‘Tis the Season for Financial Security
November 29, 2011 · Updated 8:50 AM
Public Service Announcement by Islanders Bank
Holidays bring gift buying, visits to friends and family or vacations in sunny locals to escape winter. Shopping and traveling opportunities are a great way to step out of the daily routine. Unfortunately, travel and shopping pose a risk to financial security.
Each year consumers and businesses lose billions to identity theft and fraud. As consumers increase shopping and travel, credit and debit card use increase along with the likelihood that unscrupulous individuals come into contact with your personal financial information.
Here’s a few tips to help ensure that financial fraud doesn’t happen to you.
When you conduct a transaction with a business that you don’t know, healthy skepticism is an important first step. If your credit or debit cards leave your sight, be aware who takes the card, how long they have it and whether the individual in possession of your card has oversight.
When buying online make sure the merchant uses a secure website encrypted to ensure protection of your financial information. Look for an https:// secured website or the lock symbol on the merchant webpage to indicate strong security practices. Remember to logoff websites.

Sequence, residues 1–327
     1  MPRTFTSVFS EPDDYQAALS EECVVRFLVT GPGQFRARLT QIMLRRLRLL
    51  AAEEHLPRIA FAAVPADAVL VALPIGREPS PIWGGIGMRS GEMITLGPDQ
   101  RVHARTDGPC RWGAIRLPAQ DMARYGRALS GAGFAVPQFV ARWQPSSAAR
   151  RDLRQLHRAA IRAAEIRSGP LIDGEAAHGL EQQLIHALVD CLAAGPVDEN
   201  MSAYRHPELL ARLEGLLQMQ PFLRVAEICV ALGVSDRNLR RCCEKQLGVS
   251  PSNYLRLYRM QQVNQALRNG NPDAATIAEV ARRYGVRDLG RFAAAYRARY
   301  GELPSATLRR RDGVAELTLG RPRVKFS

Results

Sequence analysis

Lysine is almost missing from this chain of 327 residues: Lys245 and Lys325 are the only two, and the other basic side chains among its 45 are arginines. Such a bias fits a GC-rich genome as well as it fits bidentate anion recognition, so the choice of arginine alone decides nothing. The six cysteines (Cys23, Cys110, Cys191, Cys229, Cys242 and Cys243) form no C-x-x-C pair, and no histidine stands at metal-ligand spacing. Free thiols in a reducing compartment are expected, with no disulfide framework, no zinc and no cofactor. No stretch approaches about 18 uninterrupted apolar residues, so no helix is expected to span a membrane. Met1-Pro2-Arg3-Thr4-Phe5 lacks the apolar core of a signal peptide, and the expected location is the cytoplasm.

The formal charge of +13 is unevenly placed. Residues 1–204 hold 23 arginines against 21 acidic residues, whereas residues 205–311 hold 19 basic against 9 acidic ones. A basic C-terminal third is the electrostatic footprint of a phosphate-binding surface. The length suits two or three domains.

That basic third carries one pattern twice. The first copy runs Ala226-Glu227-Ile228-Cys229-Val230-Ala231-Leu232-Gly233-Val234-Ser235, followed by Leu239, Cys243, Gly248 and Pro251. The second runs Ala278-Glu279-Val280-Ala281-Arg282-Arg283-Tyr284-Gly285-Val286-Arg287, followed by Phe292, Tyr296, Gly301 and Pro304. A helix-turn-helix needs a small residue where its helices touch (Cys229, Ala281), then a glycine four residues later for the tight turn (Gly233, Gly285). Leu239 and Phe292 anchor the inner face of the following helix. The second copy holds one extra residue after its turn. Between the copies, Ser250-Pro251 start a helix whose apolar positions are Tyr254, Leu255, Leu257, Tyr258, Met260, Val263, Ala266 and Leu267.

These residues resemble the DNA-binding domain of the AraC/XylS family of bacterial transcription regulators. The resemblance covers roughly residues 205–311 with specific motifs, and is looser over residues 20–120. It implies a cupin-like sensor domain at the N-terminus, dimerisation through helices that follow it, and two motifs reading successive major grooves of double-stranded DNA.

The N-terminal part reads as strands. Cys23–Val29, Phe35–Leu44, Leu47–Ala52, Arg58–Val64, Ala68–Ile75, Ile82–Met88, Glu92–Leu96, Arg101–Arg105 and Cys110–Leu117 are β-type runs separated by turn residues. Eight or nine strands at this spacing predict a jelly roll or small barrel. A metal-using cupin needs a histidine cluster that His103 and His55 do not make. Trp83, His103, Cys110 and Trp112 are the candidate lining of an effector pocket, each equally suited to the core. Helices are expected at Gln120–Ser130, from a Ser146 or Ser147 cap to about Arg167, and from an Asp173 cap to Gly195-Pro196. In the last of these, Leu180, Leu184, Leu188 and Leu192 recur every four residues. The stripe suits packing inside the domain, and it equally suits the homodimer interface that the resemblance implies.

When traveling, keep your debit and credit cards secure. Don’t use cash machines that aren’t associated with a reputable hotel, business or bank. Look closely at cash machines and avoid any ATM that has loose card scanners or odd looking attachments, this can indicate skimming equipment that is used to copy your card for later use. Memorize your PIN number and don’t carry it in your wallet in the event of theft or a pick pocket. Always be conscious of your location when obtaining cash.
Pay close attention to your credit card when paying restaurant, lodging and shopping bills. Keep your receipts and closely scrutinize your bank and credit card statements as soon as possible after your trip to ensure that listed charges are correct. Report any irregularities to your card provider.
Be aware of your situation at all times, fraudsters and criminals thrive on confusion. If something seems off or you are pressured to give up your credit/debit card or personal financial information, step back and question why. Most people you meet are honest and well intentioned, financial security precautions are meant to protect us from those who are not.